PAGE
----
The second ground upon which the appeal is based involves the “best evidence rule.” Defendants claim that the best evidence rule required plaintiff to produce either his original license or a certified copy of it in order to prove he was a duly licensed contractor when the alleged cause of action arose. We disagree.
At the time the complaint in this cause was filed, the applicable licensing statute, § 67-16-14, N.M.S.A.1953, stated in part:
“No contractor as defined by section 3 of this act shall act as agent or bring or maintain any action in any court of the state for the collection of compensation for the performance of any act for which a license is required by this act .without alleging and proving that such contractor was a duly licensed contractor at the time the alleged cause of action arose.” (Emphasis added.)
Rule 1002, New Mexico Rules of Evidence, states:
“To prove the content of a writing, recording, or photograph, the original writing, recording, or photograph is re*482quired, except as otherwise provided in these rules or by statute.” (Emphasis added.)
Even though this rule was not in effect at the material time, it basically codifies the best evidence rule as it previously existed. In this particular case, it is the plaintiffs licensed status which must be proved and not the contents of a particular document. Therefore, the “best evidence rule” as stated above does not apply. The trial court accepted as evidence certain receipts and decals issued by the licensing authority to plaintiff along with plaintiff’s own testimony that he was licensed. This constitutes acceptable evidence, especially when it is joined with testimony from an official of the New Mexico Construction Industries Commission, the agency which now licenses contractors, that plaintiff had been licensed at all pertinent times.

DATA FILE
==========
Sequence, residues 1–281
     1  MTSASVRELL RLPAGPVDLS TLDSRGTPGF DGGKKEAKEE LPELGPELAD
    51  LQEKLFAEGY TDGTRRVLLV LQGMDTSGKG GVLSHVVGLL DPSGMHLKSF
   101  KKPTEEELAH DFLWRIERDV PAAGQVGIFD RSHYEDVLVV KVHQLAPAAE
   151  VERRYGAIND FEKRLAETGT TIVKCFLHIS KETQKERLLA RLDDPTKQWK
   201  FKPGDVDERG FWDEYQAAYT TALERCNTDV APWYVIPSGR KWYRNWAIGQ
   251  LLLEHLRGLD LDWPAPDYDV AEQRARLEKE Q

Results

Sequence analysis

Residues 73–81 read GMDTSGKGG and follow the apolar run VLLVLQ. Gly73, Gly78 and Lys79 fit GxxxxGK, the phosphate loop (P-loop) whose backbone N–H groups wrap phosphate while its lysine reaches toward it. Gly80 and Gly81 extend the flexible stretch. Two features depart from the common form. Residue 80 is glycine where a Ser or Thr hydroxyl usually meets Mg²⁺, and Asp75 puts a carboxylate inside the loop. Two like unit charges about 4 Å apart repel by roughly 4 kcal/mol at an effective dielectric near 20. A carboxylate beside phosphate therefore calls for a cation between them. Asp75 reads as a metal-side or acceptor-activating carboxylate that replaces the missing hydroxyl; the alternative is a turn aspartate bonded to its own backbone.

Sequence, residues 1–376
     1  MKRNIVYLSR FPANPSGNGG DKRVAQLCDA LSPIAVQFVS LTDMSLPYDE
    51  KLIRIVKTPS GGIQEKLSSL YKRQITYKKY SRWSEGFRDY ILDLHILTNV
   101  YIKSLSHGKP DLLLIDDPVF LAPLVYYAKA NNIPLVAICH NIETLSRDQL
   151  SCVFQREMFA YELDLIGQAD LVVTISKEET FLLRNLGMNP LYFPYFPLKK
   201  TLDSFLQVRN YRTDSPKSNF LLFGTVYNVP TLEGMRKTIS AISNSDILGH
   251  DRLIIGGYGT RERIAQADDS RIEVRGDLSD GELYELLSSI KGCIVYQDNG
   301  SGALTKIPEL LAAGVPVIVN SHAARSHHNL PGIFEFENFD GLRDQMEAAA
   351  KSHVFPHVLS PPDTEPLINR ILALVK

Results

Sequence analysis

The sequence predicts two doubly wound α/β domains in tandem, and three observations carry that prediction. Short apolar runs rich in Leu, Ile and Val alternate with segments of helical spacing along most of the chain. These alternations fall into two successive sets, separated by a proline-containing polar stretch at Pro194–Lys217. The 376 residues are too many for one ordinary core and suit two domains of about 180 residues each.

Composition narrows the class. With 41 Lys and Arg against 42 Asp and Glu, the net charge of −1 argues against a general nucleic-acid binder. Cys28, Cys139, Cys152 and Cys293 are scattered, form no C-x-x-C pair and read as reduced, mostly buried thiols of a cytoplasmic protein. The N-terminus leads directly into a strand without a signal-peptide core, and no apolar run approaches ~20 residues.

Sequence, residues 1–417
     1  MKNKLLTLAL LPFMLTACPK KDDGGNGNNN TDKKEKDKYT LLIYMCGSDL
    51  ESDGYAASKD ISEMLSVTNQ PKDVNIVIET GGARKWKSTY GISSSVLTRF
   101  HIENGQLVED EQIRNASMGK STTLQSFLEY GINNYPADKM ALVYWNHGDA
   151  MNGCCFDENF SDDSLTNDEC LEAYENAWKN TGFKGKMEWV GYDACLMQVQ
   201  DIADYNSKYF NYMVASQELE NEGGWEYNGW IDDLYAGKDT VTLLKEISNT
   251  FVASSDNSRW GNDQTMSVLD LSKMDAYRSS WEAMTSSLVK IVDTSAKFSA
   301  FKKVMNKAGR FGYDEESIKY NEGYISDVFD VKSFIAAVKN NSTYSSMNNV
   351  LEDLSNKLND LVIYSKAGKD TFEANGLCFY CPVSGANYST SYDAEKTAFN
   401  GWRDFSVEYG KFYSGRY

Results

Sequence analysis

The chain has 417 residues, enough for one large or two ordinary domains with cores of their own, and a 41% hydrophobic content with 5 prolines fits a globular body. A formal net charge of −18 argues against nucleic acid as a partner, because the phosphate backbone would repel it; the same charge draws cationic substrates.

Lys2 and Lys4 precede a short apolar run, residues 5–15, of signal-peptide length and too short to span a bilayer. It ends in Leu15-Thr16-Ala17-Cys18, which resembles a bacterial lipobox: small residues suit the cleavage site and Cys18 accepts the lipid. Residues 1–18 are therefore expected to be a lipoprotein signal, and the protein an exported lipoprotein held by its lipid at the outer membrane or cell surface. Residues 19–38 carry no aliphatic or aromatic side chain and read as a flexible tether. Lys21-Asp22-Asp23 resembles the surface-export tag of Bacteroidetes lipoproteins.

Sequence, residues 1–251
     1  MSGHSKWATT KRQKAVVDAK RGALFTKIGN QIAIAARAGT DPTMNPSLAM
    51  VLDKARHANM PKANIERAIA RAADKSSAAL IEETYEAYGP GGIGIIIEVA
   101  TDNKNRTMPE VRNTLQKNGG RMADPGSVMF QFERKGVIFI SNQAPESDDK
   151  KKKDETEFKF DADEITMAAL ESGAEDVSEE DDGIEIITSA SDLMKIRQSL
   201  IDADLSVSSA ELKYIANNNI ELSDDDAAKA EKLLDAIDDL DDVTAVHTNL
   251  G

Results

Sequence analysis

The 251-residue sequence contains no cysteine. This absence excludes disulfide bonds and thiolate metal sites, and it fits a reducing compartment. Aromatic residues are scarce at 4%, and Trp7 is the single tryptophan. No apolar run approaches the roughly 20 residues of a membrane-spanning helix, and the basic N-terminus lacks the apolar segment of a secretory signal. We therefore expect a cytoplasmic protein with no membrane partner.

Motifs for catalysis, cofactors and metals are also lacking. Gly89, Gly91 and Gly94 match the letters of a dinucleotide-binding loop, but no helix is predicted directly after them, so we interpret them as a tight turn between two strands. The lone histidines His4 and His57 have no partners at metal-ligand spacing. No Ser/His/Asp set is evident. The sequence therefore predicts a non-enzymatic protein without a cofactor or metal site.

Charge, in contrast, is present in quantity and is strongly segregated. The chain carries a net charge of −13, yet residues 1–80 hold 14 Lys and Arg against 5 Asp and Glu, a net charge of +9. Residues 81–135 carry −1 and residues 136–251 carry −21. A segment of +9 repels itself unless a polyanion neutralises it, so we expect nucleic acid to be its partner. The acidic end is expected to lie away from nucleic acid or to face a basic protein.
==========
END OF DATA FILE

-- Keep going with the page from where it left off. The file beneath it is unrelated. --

The third determination by the trial court from which defendant appeals concerns the amount of the debt which Henry owed to plaintiff and which Thomas contracted to pay. Thomas claimed that the word “debt” in the written contract referred to an amount not to exceed $4,000, and that therefore the trial court committed error in ignoring the “uncontroverted” testimony of Thomas to that effect. According to the record, however, Thomas testified that at various times he was ready to pay, or believed he had an obligation to pay, $1,500, $2,500, $3,000, $4,000, and approximately $6,000. Therefore, according to this uncontroverted testimony the exact amount appears to have been left in doubt. We cannot say the trial court erred in this regard.
Plaintiff, in his cross-appeal, claims he should have been "awarded interest from November, 1966 instead of April, 1969. Because the amount owed by defendants was rather uncertain until fixed by the judgment below, we believe the rule adopted in O’Meara v. Commercial Insurance Company, 71 N.M. 145, 152, 376 P.2d 486 (1962), requires the matter of interest to be left within the trial court’s discretion.
Affirmed as to Thomas Lynch and reversed as to Henry P. Lynch.
It is so ordered.
OMAN and STEPHENSON, JJ., concur.